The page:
Pictures and Information on Additional Turn Training Techniques

Courtesy of Jayne McQuillen and the Jammin' K9's Team

By Jayne McQuillen 

Photos by Steve Branin


First, all the dog owners were cool with these pictures being posted to help others.  I want to make it clear that I am not the person who thought this up.  We use a 3 hole box, not sure who's design it is, but it's been around a while.  Unlike the instructions said, (Posted by Lisa Brockmeyer, turns) we found we didn't need to have a person standing at the end of the board to do this drill.

Here's some background on what you see here.  First these are all experienced dogs, 3 have FM's the other two are 1/2 way to their FM's.  I'd certainly want dogs to be comfortable with getting the ball out of the box before trying this.  Second, we've been trying several methods in the last month with these dogs by having an informal "box work" practice in our garage once a week.  We all wanted to work on it, but it's hard to get the mats, the box, and the extra hands all together at the same time.  So we do this at 9pm Thursday nights, we keep each dog's turn pretty brief, around 10-15 minutes and rotate through all the dogs about twice.  Each dog is the only one in the garage so distractions are pretty limited unless the dog likes lawnmowers or bicycles too much :).  We only have about 15 feet of space between the garage door & the box, so the dogs are not at full speed.  When we go to real practice we see the dogs making a bit more errors as they adjust to these exercises at full speed.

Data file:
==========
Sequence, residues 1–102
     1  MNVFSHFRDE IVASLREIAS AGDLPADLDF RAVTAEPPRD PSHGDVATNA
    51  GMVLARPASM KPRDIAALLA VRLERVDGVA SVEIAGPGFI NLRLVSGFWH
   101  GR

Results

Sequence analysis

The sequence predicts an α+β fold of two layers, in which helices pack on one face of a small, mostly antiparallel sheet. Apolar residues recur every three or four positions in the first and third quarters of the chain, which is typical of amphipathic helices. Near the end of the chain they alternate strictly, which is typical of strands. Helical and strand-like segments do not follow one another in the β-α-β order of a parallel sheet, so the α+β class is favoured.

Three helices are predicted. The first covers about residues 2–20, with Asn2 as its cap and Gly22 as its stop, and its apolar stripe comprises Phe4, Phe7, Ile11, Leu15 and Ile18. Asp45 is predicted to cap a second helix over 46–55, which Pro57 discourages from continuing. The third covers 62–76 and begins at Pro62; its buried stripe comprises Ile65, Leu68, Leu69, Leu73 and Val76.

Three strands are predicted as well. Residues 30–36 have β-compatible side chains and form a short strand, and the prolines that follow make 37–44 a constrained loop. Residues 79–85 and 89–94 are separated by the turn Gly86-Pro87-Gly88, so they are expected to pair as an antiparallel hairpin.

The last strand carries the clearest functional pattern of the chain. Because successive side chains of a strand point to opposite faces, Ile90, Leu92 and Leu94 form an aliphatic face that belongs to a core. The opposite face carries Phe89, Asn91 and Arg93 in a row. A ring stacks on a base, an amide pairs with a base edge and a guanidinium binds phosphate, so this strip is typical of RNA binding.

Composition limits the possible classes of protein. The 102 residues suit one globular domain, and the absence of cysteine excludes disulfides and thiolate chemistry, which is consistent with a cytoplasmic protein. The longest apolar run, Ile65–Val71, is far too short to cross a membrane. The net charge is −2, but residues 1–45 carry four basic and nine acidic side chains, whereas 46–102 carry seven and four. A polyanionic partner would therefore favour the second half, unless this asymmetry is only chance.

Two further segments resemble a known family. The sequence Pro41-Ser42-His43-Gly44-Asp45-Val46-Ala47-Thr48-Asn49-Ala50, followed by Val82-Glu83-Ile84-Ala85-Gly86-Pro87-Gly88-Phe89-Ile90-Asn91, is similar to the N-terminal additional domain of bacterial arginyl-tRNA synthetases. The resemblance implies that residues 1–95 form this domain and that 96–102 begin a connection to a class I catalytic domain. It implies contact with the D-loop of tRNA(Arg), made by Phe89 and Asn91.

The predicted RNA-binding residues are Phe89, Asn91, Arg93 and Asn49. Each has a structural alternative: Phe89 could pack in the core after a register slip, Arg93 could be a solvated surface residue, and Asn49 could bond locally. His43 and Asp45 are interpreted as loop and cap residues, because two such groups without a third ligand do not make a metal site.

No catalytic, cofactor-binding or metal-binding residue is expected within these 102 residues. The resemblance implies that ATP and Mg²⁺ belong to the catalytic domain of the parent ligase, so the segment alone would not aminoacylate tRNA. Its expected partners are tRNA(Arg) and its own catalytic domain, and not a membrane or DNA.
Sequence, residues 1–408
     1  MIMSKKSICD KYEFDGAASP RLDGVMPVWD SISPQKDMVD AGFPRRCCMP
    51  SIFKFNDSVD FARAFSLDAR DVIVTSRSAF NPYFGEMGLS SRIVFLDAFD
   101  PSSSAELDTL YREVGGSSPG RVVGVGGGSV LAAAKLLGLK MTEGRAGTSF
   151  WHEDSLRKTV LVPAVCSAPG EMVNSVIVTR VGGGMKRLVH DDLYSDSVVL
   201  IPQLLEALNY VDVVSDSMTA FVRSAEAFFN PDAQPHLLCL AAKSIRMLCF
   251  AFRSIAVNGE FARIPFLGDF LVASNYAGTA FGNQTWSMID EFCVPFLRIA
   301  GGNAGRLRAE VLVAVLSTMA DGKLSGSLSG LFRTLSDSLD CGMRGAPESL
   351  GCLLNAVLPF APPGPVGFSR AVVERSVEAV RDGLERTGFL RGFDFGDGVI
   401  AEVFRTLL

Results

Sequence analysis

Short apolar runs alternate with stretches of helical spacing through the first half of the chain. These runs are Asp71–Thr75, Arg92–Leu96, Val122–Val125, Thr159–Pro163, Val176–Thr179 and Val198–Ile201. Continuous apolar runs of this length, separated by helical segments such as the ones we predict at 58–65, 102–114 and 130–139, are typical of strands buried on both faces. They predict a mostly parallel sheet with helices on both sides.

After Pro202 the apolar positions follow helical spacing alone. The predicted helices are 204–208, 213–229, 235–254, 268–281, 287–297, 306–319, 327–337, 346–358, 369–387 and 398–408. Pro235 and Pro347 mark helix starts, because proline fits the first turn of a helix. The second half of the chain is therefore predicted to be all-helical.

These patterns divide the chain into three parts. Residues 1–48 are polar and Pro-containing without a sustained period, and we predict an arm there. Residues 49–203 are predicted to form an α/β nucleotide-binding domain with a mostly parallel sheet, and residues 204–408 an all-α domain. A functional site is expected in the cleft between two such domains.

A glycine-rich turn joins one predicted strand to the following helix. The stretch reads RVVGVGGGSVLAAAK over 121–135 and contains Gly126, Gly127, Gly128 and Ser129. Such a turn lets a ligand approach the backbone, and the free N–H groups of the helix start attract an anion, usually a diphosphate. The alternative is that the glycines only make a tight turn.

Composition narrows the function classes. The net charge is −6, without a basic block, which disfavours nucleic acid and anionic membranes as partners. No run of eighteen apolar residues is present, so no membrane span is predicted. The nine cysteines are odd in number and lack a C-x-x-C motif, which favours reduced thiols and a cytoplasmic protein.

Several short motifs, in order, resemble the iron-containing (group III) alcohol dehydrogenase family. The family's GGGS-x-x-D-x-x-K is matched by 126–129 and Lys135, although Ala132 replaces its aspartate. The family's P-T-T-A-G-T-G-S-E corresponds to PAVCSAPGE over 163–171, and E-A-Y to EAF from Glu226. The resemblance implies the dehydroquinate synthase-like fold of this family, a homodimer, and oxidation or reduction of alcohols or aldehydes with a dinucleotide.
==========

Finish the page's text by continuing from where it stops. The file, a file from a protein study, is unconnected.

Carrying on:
We try lots of different things for each dog & see what works best for each one, hence you'll see 2 methods pictured.  We tweak all the set ups for each dog.  Taking digital pics was helpful so we could see that this placement or technique worked better than another, but a video camera would probably be more helpful.  We had a lot of pics of the boxloader's knees!

Jayne McQuillen (,  Jammn K9's


Above, Zoe owned by Jayne McQuillen (me), she's an Australian Cattle Dog/English Shepherd mix, not a speedy border collie, she's 17".  If you've seen her race, she barks the whole way down the lane, executes a nice turn and gives about 60% effort returning to me.  Zoe has had a nice natural swimmers turn since her first practice, no idea why, we are now working on getting her to use that turn to power back faster.  Box turn isn't a high priority, but since we have it set up at our house we bring her out.  It's increased her enthusiasm and reinforced her natural turn.  This is at the start of practice, just to see how she's turning normally.  See the pic to the left for her turn with the boards in place.


Above, Zoe again, much higher with the crossed jump method. 








Above, June is owned by Corey & Nami Stone.  She is a smaller dog, 15", the cone & board method has worked best for her, we found it by accident.  She likes running around the cone, she liked running with a board flat in front of the box, but she's jumping over the board & around the cone altogether so it works well.  We refer to this as her flypaper turn!

Above, June after some "cone on board" practice doing a high turn.  As she gets tired she'll come down lower on the box.



Above, Rocky, owned by Craig Chappen, has had a nose first box dive, as he has improved in speed his box crashing style has become worse.  He's a North American Shepherd, standing just over 17" and this isn't the best picture of his work for the night. 


Belle, owned by Bekka Borg, a 18" aussie also fast, has had a similar turn to Ruby.  Both methods worked well for her.



Ruby owned by Steve Branin.  Ruby's an aussie, she's a fast dog, around 20".  She hits with two paws, pivots, and then pushes off with her back feet on the ground.  She's had trouble with all the other method's we've tried besides the crossed jump method pictured, she would simply screech to a halt and tiptoe around or over other obstacles to the box.  She really liked this method.  This is one of her first ever four paw turns.